Heidi Groover has an important article today ($) about rising caseloads among transit staff:

At King County Metro, employees have reported 20 positive tests from the start of this month to Nov. 21. That’s up from six in October and about five or fewer per month throughout the summer.

CT and PT are seeing similar rises, while ST has not. While these figures include operators and non-customer facing staff, and sample sizes are small, the exclusion of office-worker-heavy ST suggests this might be more than the generalized increase in regional caseloads. But it’s impossible to know.

Fortunately, there have been no local operator fatalities since June.

Figures indicate that only 83% to 85% of Metro riders are wearing masks. Please note that wearing a mask is more about protecting those around you than yourself. This is not about exercising your freedom to assess your own risks; it is about basic consideration for others.

31 Replies to “Agency virus cases spiking”

  1. In the case of an operator testing positive does Metro post the route and times that were driven during the period that the person was infectious? I know some restaurants were asking for customer contact info so they could be contacted if any staff tested positive. For riders using ORCA it should be possible for Metro to contact them directly. Is there any contact tracing that suggests spread while at work? Currently the 7 day average for new cases in King Count is around 700. If my math is right that’s about 6 expected cases per 1,000 people over a 3 week span. The number of positive cases is almost 4 times higher for November vs October which tracks with the increased number of employees testing positive.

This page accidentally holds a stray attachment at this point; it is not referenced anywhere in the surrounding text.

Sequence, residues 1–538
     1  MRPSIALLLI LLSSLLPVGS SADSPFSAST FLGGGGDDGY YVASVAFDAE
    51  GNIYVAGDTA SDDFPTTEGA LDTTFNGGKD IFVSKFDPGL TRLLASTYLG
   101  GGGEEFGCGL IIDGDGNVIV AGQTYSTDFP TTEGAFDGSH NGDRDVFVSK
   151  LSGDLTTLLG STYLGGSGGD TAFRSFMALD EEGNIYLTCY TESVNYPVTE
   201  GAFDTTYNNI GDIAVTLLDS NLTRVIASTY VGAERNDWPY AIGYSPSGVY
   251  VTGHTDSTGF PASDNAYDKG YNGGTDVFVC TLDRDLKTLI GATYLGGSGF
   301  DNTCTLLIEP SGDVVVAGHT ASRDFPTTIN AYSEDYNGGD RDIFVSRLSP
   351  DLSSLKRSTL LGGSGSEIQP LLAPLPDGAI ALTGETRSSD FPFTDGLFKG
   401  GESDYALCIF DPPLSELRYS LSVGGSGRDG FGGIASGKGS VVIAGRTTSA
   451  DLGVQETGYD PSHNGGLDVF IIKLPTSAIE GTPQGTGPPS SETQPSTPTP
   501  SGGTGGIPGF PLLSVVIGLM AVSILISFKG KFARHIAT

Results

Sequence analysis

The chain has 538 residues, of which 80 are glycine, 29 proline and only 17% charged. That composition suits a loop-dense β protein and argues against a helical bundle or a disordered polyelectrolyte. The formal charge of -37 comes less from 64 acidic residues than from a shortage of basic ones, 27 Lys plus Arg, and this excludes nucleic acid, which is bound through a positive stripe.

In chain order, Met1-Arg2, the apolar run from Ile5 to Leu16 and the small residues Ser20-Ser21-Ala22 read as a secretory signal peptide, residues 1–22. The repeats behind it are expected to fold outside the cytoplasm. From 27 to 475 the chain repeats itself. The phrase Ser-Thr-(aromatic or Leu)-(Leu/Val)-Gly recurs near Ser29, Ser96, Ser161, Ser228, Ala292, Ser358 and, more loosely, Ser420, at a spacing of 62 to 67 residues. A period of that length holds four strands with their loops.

Does anyone know Metro’s testing protocol? I assume they ask the requisite questions and take a temperature at the start of every shift. Is there any mandatory testing or is the reported number based on people who voluntarily decided to get tested. We know that a significant number of cases are asymptomatic.

    1. I imagine if Metro publicized a driver tested positive, and began contacting all the known riders along the routes the driver drove during the previous 7–14 days — basically informing those riders (who probably include essential workers) to quarantine for 14 days and begin testing — ridership on Metro would go to zero.

      Plus as Bernie notes Metro’s protocols for testing would go under a public microscope.

      It is a certainty that some of the riders would test positive, from many different sources, and all those positive cases would be related to the positive driver (especially if there is litigation).

      At some point we have morphed from a goal of flattening the curve to zero transmission, especially as a vaccine has gotten closer. This shift is most apparent in the closure of all the schools, in part due to the powerful teachers’ union, despite the harm to the kids and strain on parents who can’t go to work.